The Herzl Museum in Jerusalem is now appealing to Arab-Israelis

The museum will translate all of its exhibits into Arabic.

 A general view of the first interactive Zionist wall at The Herzl Museum in Jerusalem, on March 13, 2013. The Herzl Museum revealed the first interactive Zionist wall today. The interactive wall is meant to educate about Zionism and enrich the study of Zionism.  (photo credit: FLASH90)
A general view of the first interactive Zionist wall at The Herzl Museum in Jerusalem, on March 13, 2013. The Herzl Museum revealed the first interactive Zionist wall today. The interactive wall is meant to educate about Zionism and enrich the study of Zionism.
(photo credit: FLASH90)

The state-funded Herzl Museum in Jerusalem is in the first stages of appealing to the Arab-Israeli community and is translating all of its exhibits into Arabic. 

“When I discovered last year that the museum operates in eight different languages, but Arabic, which is an official language in Israel, wasn’t one of them - I asked our team to start working on changing this reality” Herzl's chairman Uri Zaki revealed in an interview with The Jerusalem Post. 

The Herzl museum includes audiovisual 4D film exhibits about Herzl's path to Zionism, his activities in the Zionist political movements and comparing Herzl's vision for Israel as outlined in his book The Old New Land to Israel's achievements in practice. The museum is managed by the World Zionist Organization; Zaki was appointed as chairman as a senior member of the left-wing Meretz Party. His wife is Environmental Protection Minister Tamar Zandberg, who is also a former party leader.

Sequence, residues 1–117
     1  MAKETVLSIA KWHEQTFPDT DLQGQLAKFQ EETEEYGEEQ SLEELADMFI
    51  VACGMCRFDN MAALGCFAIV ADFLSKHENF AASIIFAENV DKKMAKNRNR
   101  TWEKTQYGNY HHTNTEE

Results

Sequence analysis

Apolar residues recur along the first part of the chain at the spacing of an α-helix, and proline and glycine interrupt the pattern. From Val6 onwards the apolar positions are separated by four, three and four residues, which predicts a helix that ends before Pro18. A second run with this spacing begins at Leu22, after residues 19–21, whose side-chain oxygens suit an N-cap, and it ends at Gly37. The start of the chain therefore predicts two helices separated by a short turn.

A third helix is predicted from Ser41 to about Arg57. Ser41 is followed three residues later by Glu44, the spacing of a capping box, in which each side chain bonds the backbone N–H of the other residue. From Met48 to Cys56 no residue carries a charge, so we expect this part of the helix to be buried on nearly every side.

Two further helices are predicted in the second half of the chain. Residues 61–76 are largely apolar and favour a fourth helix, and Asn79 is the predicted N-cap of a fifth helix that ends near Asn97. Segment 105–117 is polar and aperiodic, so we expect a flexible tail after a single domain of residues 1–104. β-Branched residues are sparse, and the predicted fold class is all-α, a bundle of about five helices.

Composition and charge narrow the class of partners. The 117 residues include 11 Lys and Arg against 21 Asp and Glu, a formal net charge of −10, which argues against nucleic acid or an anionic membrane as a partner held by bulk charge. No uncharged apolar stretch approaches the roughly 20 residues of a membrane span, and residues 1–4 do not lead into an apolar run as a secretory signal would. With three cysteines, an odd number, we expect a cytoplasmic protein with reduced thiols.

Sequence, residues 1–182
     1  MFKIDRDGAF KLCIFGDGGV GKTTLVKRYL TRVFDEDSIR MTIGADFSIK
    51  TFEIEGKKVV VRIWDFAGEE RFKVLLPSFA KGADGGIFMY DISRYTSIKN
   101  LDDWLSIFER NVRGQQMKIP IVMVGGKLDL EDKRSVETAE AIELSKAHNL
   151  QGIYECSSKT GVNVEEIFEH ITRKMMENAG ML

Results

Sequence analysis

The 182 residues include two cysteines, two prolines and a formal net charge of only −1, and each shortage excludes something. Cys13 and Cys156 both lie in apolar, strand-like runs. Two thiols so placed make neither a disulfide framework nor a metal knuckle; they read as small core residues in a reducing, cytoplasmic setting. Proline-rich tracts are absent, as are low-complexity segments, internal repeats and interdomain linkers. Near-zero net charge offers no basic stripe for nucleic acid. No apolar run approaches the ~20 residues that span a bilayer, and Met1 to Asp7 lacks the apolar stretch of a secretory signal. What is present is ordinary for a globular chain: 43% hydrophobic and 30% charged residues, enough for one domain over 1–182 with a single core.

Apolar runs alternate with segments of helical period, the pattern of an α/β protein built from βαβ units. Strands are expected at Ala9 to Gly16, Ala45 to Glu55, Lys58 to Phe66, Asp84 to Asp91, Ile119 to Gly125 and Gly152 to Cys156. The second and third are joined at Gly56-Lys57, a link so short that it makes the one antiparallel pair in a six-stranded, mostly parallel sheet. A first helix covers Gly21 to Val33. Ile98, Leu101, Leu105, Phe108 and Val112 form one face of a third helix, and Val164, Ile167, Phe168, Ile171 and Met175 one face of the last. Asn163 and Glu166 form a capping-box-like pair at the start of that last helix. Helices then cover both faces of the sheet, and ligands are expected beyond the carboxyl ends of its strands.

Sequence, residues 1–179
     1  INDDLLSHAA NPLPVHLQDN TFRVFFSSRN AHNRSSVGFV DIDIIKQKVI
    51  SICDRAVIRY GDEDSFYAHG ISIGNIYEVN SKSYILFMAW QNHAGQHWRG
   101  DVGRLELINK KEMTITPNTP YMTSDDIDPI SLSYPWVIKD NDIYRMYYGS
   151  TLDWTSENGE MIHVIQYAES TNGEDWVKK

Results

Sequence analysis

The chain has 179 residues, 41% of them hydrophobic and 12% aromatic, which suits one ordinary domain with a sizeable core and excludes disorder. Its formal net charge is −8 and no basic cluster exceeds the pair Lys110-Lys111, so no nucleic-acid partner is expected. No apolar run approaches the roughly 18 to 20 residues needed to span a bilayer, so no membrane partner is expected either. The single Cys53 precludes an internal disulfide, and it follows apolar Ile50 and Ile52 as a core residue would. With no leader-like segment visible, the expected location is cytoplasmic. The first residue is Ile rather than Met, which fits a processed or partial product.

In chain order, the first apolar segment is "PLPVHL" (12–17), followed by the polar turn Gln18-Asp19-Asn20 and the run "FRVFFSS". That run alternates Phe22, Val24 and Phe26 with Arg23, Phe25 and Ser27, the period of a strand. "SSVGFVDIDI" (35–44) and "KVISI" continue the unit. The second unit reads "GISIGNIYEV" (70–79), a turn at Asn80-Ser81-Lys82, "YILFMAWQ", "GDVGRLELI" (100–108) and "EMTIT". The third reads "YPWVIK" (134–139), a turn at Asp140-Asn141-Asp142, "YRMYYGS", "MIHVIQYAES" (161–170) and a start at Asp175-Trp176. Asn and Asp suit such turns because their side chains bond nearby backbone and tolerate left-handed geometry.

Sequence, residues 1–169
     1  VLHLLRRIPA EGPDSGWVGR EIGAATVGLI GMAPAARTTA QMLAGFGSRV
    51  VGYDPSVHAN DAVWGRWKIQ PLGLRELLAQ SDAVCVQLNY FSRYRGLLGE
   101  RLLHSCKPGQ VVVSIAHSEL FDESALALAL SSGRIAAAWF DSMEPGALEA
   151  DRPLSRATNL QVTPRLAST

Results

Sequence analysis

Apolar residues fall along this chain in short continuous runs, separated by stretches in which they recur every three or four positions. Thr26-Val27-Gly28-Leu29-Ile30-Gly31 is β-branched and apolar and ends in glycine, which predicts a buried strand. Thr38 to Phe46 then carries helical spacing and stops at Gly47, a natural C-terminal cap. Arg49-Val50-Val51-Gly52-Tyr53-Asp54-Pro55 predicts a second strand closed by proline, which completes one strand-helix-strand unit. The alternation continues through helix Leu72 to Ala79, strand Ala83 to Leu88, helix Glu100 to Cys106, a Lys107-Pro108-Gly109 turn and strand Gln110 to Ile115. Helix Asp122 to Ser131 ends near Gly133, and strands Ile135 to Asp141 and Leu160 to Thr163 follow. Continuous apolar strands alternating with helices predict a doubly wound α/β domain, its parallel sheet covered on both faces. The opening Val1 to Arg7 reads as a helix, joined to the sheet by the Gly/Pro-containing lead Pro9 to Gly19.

Theodor Herzl was an Austro-Hungarian Jewish journalist and political activist, considered to be the father of modern political Zionism. Herzl formed the Zionist Organization and promoted Jewish immigration to Palestine in an effort to form a Jewish state. He is considered to be the "Visionary of the State" of Israel. 

“Herzl's heritage deserves to be exposed to the Arab public through the Herzl Museum,” Zaki said, adding that “Arab Israelis need to hear about the Zionist story through Herzl's eyes. Therefore, I thought it was important that our museum be made accessible to the Arab public.” 

THEODOR HERZL, on the balcony of the Three Kings Hotel in Basel in 1898, during the First Zionist Congress. (credit: GPO)THEODOR HERZL, on the balcony of the Three Kings Hotel in Basel in 1898, during the First Zionist Congress. (credit: GPO)

Zaki explains that the first stage is subtitles in Arabic that have already been translated and created, to be implemented in the audio-visual aspects of the museum. “The second step will be dubbing the videos into Arabic as we have done in other languages,” he said.

The third stage will be “training Arabic speaking instructors and tour guides, and discussing with them how to deal with difficult questions and situations that will arise among Arab Israelis.”

“Herzl himself told us that we know we will succeed according to our attitude towards the Arab minority in Israel," Zaki said when asked by the Post what message is important to get across to an Arab student who visits the museum for the first time. 

"His legacy to us was how we should treat the Arab minority within us. It is important for the Arab public to know Herzl's legacy since this is the source of the establishment of the state," he responded. 

"There are also negative elements in Arab history when it comes to Zionism and I would like them to hear out what Herzl had to say. Herzl was in favor of integration and equality; he wrote about it in his book. He was in favor of freedom to vote and many more elements regarding Arabs in Israel," Zaki said.

“I want [the Arab-Israeli community] to have a chance to learn about Zionism and to know that we are making an effort to give them a chance," the museum head said. 

Zaki also said that he has already started a soft launch approach toward haredi (ultra-Orthodox) opinion-makers. "It is important for me to be exposed to other audiences as well as to ultra-Orthodox society. As opposed to the Arabic speaking public, we don’t need to translate anything with the haredi population; we’re not working on subtitles in Yiddish at the moment,” he jokingly said.